For Richer, For Poorer: What to Do When Your Partner Makes More Money

It’s safe to say that talking about your finances — early and often — with your significant other is a great way to avoid fights about money later on in life.

But what if talking about money is a fight?

Odds are that in most relationships, one partner makes more than the other, and sometimes that difference can be significant. So how should a couple handle their income inequality?

A lot of factors play into this decision, such as whether or not you are married, have children or are in school. And with even fewer clear-cut answers, what happens if one of you has more debt than other?

While there’s no right way to manage your money when one person makes more than the other, here’s a look at how to talk about the situation, plus how several real-life couples handle their finances.

How Does the Difference in Income Make You Both Feel?

The first step is always admitting there’s a problem. If an income disparity is a tricky subject in your household, maybe it’s because you haven’t actually talked it through yet.

Making less than your significant other can come with a big ol’ ball of guilt, feelings of inadequacy and even self-denial if you feel like you can’t spend money you didn’t earn.

Making more than your significant other can come with its own concerns.

It might be the need to always have the last say in how the money is spent, or maybe that you constantly feel like your partner won’t accept the financial help you are gladly willing to give and that you hate to see him or her struggling when there is no need.

So ask each other how your disparate incomes make you feel. Be candid and open to what your partner has to say, and consider your options moving forward. Here are a few ways couples have made vastly different incomes work for them.

Joint Accounts

My husband makes twice what I make — and it used to be three times as much. While I was still finishing up college, he made all of our household income.

We’ve always solved our income disparity by treating it like it doesn’t exist.

It might sound a little head-in-the-sand, but we married young and never knew a time where our money wasn’t his and hers: We’ve always had a joint account and we’ve always decided together how we would spend what was in it.

Our joint-account-for-everything approach is pretty traditional: It’s what both sets of our parents did, and I suspect our grandparents as well. In fact, when we were newly married, we were shocked to learn that some married friends had separate accounts at all!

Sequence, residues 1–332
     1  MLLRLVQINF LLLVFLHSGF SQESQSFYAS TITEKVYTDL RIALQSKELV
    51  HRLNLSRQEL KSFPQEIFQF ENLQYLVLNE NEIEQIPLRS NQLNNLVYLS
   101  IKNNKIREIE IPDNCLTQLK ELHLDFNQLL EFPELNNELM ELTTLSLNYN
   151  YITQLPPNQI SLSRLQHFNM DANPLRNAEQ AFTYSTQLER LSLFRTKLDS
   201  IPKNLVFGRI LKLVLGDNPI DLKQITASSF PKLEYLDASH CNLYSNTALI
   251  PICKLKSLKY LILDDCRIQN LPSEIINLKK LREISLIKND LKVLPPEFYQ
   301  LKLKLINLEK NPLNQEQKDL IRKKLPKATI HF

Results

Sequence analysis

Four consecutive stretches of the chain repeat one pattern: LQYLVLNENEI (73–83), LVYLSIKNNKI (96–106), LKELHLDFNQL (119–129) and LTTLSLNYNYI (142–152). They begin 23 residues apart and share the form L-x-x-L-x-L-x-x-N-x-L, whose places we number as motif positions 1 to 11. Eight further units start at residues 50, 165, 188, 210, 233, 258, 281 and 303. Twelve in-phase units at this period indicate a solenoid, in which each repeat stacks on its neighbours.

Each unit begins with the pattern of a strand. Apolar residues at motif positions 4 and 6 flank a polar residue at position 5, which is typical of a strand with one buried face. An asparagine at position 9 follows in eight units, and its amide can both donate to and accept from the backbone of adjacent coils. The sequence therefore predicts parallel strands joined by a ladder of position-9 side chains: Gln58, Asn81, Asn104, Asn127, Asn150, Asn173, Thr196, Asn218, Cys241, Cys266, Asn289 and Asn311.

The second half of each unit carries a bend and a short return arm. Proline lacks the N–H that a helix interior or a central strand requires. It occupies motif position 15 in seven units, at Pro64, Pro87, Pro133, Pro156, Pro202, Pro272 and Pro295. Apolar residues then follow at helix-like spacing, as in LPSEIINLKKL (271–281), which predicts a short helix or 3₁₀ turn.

We make it work by talking about all of our spending decisions together when we make our budget each month. We know where our money is going to go before we spend it, so there’s no need to fight about it after the fact. If a big unexpected expense pops up, we address it together.

We also plan for each of us to have some fun money each month to spend without question, which I think is a key strategy for making everyone feel like they can splurge a little, guilt free.

We’re married and have no children yet, so this approach works pretty well. We have already discussed — and did so in the very early years of our marriage — that if and when we have children, I would be the stay-at-home parent.

My husband’s job as a line technician for the local utility company pays more, holds the better benefits and is also extremely unpredictable: He can get held over after work at a moment’s notice, and often gets called in the middle of the night to come in and fix things. While my full-time gig at an ad agency is great, it’s not on the same level as his steady, recession-proof career.

Once children enter the mix, one parent will need to be as flexible as possible, and in my case, that means being unemployed or able to work from home.

Our decision to handle our accounts in a joint fashion from the beginning will help make this transition a smoother one — the money will continue to be “ours” even when I’m not contributing any.